Produced by Joel Kramer and Scott Johnson
(Living Hope Ministries, 2005)
Reviewed by Eric Johnson
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In 1841, Joseph Smith, Jr., the founder of the Church of Jesus Christ of Latter-day Saints (LDS, Mormons) said that “the Book of Mormon was the most correct of any book on earth.” In fact, among the four Mormon scriptures—the Bible, Book of Mormon, Doctrine and Covenants, and Pearl of Great Price—none is considered to be more important than the Book of Mormon.
The Book of Mormon, supposedly translated from ancient Egyptian into English by Smith, tells the story of ancient Israelites who sailed to the American continent before the time of Christ. Jesus later visited the two people groups, the Nephites and the Lamanites, soon after His resurrection in Palestine. By the fifth century, the wicked Lamanites, whom Mormon leaders have consistently taught are the forefathers of the Native Americans, had completely annihilated the righteous Nephites.
Just two years after their 2003 production called DNA vs. The Book of Mormon, Joel Kramer and Scott Johnson of Living Hope Christian Fellowship invested approximately $100,000 to travel to Israel, Central America, and New York in order to produce the 66-minute DVD called The Bible vs. The Book of Mormon. “We did this project as a labor of love,” Kramer said. “We want the Mormon people to come into a relationship with the real Jesus of the Bible.”
The producers interviewed 40 different scholars who specialize in topics such as archeology, theology, and anthropology to discuss issues such as geography, scripture, coins, and warfare. The experts clearly show that the evidence for the Bible far outweighs anything offered by the Book of Mormon. The hardest-hitting interviews are with two “LDS anthropologists,” Thomas Murphy and William Wilson (erroneously listed as Wil West in the earliest release). Both anthropologists are Mormons of record, but they almost seem to dare LDS Church leaders to excommunicate them as they boldly give explanations why they have lost faith in the Book of Mormon.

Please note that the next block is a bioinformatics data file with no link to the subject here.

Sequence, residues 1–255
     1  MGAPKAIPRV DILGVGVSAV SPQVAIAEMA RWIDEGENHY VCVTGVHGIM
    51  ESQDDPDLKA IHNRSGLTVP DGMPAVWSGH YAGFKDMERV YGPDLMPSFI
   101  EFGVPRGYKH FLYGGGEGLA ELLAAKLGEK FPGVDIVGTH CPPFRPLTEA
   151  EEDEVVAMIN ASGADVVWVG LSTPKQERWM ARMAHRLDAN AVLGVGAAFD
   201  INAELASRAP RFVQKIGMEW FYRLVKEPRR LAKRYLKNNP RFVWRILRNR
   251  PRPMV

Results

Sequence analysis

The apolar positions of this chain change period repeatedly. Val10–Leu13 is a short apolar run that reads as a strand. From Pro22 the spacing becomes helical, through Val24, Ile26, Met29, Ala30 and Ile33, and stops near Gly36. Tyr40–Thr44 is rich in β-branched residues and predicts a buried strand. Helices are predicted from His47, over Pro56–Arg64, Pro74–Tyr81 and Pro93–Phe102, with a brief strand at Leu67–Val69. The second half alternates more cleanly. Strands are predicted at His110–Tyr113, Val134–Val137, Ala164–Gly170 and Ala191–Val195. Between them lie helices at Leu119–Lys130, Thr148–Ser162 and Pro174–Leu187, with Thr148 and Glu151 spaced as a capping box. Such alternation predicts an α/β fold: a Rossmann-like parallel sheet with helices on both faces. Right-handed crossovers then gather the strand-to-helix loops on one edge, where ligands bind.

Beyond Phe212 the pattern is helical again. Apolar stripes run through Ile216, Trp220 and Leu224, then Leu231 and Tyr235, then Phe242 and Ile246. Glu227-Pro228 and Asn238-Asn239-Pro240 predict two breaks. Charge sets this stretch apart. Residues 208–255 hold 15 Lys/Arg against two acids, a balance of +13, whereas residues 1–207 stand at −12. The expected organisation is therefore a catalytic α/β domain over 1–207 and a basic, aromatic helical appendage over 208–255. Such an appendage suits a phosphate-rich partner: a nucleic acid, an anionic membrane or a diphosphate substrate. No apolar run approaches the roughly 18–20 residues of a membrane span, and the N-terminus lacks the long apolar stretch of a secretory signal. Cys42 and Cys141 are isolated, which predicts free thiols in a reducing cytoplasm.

Saying the LDS scripture is “wrong” and “full of mistakes,” Murphy asserts that “if the Book of Mormon is the most correct book on earth, then we’ve got an awful lot of books full of lies.” Wilson, who calls the Book of Mormon “nineteenth-century religious fiction,” has since begun proceedings to get his name off the LDS Church’s rolls. Murphy, on the other hand, apparently has no plans to leave because, as Scott Johnson said, “he wants the LDS Church to openly address what he’s saying instead of ignoring it. So they will either have to excommunicate him, or they will have to tolerate him as ‘an insider’ who doesn’t wish to be silenced.” This production, which can be accessed for free, is certain to shake the faith of a number of honest Latter-day Saints who open their eyes and realize that their unwavering allegiance to the Book of Mormon is not supported by the evidence.